Some of us thrive on a bit of pressure – it can improve our performance because that’s the way we’re designed. However, too much over an extended time can take its toll.
In Victoria, 8% of all workers’ compensation claims are stress related – and these cost double the amount of other claims. The total cost in Australia for stress related workers’ compensation is estimated to be $200 million every year. Add to this sick leave, low productivity, staff turnover and other consequences of people being stressed and the costs start to mount up.
BUPA, the UK’s leading provider of private health care insurance, hospitals, and health care services has researched this area and tell us the leading causes of workplace stress are:
Lack of control over work. Excessive time pressures. Excessive or inflexible working hours. Too much or too little work or responsibility. Confusion about duties and responsibilities. Lack of job variety and interest. Inadequate training and possibilities for learning new skills. Poor work/life balance. Difficult relationships at work. Lack of support and lack of contact with colleagues. Organizational confusion, restructuring, job change. Uncertainty over job prospects.
How much control, as employers and managers do we have over these factors? Quite a bit, it would seem. Many of these factors relate to job design and communicating expectations – these are probably within the control of managers.
Job Design. Designing jobs can be done effectively if a process is followed that links the objectives of the organization to the individual’s outputs. Involving the individuals in this process will greatly enhance the results.
Even if you currently have a structure that you feel doesn’t need reorganizing or jobs that don’t need redesigning, going through this process will have benefits and may well be good insurance against the unhealthy growth of stress in the workplace.
We have found the most beneficial method of defining jobs is to work with current job holders to document their own jobs in terms of Key Result Areas (KRAs) i.e. the outputs from their jobs. With each of these, they also define how these are measured.
To get to this stage, first they examine the total output of the organization and then break that down to identify what their division or department contributes, then their work area and down to their particular job. This way they see and understand the linkage between what they do and the business outcomes.
This method has many advantages.
Involvement. By having the job holders themselves involved in the analysis of their work, they are able to voice their views over what is too much work or too few hours, what is challenging and interesting work and what is not.
The work may still have to be done but by allowing their views to be heard provides them with a sense of being part of the decision making rather than just victims. They will also have ideas on how best to manage the challenges.
Worthwhile work. If people can see the link between their efforts and the business results they can see that it is worthwhile – rather than endless effort for no obvious reason.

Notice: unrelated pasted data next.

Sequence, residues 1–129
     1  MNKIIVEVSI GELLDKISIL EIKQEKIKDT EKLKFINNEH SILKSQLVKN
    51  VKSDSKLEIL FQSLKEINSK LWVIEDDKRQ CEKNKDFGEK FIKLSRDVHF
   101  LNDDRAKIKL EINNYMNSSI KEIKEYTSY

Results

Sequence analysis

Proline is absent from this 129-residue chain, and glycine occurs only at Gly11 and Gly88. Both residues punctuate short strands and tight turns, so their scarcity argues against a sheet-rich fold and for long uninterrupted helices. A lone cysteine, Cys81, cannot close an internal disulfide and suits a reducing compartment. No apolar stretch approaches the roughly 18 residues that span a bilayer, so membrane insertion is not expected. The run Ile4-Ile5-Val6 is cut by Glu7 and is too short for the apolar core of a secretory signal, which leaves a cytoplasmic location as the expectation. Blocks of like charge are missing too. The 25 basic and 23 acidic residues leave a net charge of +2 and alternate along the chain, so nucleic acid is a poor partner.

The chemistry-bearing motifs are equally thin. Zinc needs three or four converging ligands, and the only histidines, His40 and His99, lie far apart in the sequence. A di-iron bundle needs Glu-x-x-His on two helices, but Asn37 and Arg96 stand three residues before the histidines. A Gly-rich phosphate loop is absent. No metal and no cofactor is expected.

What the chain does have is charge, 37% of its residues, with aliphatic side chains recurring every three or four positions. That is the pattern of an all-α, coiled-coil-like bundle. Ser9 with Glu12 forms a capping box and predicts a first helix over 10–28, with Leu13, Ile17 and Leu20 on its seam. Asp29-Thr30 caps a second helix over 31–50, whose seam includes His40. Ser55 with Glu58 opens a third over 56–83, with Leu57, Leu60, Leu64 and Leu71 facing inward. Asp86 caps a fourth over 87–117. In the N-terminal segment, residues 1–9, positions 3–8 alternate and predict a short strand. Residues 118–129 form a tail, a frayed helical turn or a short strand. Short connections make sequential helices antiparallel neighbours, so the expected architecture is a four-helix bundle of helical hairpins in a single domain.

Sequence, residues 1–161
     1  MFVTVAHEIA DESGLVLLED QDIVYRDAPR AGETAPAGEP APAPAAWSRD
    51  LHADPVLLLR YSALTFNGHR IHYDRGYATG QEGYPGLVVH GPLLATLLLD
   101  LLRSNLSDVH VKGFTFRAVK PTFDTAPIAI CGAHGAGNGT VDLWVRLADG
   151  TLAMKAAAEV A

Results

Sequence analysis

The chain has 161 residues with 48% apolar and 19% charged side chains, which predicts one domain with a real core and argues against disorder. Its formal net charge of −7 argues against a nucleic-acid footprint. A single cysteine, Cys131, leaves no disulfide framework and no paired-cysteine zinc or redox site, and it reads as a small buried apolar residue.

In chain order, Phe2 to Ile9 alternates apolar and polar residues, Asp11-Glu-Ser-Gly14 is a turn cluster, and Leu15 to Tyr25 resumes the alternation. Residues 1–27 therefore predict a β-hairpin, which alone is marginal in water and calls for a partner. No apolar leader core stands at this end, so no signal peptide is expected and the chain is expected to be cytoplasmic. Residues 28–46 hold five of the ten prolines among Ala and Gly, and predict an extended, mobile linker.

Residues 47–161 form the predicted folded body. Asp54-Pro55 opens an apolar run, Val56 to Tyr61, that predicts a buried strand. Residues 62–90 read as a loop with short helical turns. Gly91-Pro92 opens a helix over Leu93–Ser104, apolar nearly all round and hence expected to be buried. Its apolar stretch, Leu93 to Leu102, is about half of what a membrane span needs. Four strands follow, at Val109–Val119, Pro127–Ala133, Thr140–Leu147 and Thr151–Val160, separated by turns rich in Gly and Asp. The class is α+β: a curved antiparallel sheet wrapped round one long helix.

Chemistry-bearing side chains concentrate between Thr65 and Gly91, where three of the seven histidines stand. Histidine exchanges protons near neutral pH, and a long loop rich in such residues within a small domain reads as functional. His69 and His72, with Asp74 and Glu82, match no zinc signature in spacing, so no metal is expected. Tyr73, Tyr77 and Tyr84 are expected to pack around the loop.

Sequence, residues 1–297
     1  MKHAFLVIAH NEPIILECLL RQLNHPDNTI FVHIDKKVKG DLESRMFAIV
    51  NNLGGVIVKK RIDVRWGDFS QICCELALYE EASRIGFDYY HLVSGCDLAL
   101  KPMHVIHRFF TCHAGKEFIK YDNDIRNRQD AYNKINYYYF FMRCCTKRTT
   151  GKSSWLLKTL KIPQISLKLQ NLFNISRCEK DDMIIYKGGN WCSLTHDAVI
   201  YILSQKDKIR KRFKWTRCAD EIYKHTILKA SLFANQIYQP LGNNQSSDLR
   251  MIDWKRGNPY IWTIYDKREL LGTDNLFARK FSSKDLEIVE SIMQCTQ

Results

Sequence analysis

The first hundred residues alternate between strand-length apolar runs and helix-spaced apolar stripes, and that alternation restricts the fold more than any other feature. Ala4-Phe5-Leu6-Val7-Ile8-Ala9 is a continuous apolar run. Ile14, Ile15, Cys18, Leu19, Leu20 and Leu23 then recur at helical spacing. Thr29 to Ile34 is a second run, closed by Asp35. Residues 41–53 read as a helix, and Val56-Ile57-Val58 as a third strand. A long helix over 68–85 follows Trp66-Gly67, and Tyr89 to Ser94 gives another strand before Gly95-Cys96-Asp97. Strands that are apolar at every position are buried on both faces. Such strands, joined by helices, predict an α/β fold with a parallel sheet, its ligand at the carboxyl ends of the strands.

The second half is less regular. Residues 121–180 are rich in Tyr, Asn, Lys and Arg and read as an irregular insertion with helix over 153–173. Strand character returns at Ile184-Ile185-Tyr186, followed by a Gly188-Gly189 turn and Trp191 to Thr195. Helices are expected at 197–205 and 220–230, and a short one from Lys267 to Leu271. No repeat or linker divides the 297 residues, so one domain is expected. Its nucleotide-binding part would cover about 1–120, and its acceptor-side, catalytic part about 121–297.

Control over their work. If they are identifying the KRAs they can see that these are the things that matter. In this way they can structure their activities and priorities to focus on those rather than get bogged down in superfluous tasks.
There is always plenty of work, but having clear priorities and the ability to make choices are definite stress reducers.
Measuring the KRAs. By having a measure against each KRA, they can monitor their own performance. The measure provides a clear idea of what success looks like and there can be a sense of achievement in getting close to or exceeding it.
Communication. Communication – in both directions – is a function of good management. Managers need to be trained to identify what is required, how to communicate it, and how to identify the needs of the employees.
As a simple rule of thumb, remembering to check off the “3 As” in communication is worthwhile:
Who is Affected? Whose Assistance is required? Whose Authority is required?
Knowing what is happening and why is much less stressful than not knowing. In the absence of communication, people tend to make things up and this can be very stressful.
Success will only come when employees are delivering what is required and are satisfied doing it. If they are not satisfied it is not sustainable. The consequences may be stress, resignations or just plain disgruntled, unproductive workers.
Managers need to know their staff – what interests them, what they like, what they don’t like. By getting close to them any issues can be identified quickly and nipped in the bud.
So, in reviewing the causes of stress and our possible solutions, we see that there is much within our control – involving people in defining their jobs and building management skills.
The good news is you can start gradually working on these areas or you can move quickly with a full-blown program. Those who take no action will pay the cost.
About the Author
Paul Phillips is a Director of Horizon Management Group, a specialist human resource management consulting firm. He has over 30 years experience in HR and, while based in Australia, has worked in a number of overseas locations.
[tags]stress, paul phillips, horizon management group, ezine articles, human resource[/tags]